How To Detect Fake Honey (It’s Everywhere), Use This Simple Trick
Do not make the mistake of buying the cheapest honey in supermarket just to save a dollar. The universal truth holds true in this case because you get what you pay for you may be surprised to know you’re not buying pure honey in some cases. This is false/misleading advertising.
In order to lower the price, the chemical make-up of honey is often subjected to numerous alterations.
A public research study conducted by the Food Safety News provided a rather alarming find concerning honey. They have discovered that upto 76% of all types of honey available in supermarkets have been subjected to a process called ultra filtration.
This filtration process removes impurities like wax traces, but also the pollen as well.
The manufacturers say that this process is needed in order to prevent “crystallizing and to prolong the shelf life of the product.” Little do the consumers know that pollen is extremely important and beneficial to our bodies?
According to these researchers, the main reason to avoid honey that’s been treated by this process is the inability to determine the geographical origin of the honey, as in cases of pollen contamination, the origin needs to be analyzed and traced.
Chinese honey is one such example. It is often contaminated with illegal antibiotics and some metals, since producer’s process honey in this way in order to import it,and its origin is unknown.
To protect yourselves from buying low-quality honey, we present several brands and locations where you can purchase honey, containing no pollen:
- Brands of honey sold at Walgreen’s and CVS Pharmacy contain no pollen.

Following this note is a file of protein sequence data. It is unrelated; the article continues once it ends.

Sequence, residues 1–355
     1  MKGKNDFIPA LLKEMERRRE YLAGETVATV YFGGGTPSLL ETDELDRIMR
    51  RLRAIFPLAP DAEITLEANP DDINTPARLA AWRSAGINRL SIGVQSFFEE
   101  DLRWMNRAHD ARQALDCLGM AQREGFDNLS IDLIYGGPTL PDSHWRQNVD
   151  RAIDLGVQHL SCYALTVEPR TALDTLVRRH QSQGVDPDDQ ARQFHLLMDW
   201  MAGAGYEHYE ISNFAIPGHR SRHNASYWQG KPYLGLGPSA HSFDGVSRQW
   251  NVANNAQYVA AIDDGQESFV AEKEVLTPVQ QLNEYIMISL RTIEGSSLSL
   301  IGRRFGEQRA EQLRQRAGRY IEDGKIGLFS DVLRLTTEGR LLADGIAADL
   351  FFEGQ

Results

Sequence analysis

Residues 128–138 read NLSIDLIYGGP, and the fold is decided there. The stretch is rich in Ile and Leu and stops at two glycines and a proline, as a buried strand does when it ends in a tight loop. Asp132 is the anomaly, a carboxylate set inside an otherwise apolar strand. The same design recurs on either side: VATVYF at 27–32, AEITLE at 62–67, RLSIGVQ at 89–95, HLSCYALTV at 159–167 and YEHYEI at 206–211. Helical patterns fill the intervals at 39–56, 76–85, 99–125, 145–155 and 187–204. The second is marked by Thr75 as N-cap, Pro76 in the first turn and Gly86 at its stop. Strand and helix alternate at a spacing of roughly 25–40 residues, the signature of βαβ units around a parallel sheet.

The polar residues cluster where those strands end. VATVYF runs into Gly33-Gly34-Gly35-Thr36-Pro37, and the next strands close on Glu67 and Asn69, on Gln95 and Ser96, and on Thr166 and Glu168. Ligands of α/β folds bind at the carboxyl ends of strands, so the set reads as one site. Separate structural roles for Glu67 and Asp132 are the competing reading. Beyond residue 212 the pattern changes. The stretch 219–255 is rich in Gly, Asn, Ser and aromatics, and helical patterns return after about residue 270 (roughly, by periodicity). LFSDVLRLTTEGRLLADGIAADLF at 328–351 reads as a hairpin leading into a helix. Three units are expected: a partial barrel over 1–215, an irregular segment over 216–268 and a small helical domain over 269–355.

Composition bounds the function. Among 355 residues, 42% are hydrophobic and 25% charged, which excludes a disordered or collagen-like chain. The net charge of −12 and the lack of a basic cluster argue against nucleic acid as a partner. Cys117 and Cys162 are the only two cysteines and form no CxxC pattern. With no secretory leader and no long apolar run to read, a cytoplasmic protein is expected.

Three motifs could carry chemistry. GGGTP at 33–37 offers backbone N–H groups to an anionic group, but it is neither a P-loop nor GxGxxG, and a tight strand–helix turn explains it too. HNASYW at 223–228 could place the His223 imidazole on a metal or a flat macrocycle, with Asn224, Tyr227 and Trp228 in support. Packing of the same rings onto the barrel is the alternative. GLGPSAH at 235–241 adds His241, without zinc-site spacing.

- Some types of honey at KFC and McDonald’s contain no pollen.
- Honey Winnie the Pooh, found in Walmart also contains no pollen.
- Around 77% of the honey brands at Costco, Target and Sam’s Club contain no pollen.
- When it comes to artificial honey, it is usually packed with glucose and low-quality mead.
To avoid this, here is how you can detect fake honey:
- When refrigerated, honey ought to crystalize as a part of a natural process. If this does not happen, the honey is usually altered.
- Pay attention to labels- everything that states glucose or fructose, do not purchase it.
- To test your honey you can put a couple of drops of iodine to a glass of water and add honey afterwards. If the honey turns blue, it has a great content of corn starch.
- Mix water, honey and a few drops of vinegar. If the mixture begins to form foam, the honey has been altered with plaster.
- To learn if your honey is processed, try to burn it with a match. If it lights up, the honey is nothing but pure.
- Take a glass of water and put a spoonful of honey in it. If your honey is pure, it should not dissolve. Processed brands and types of honey usually blend with the water which makes them processed.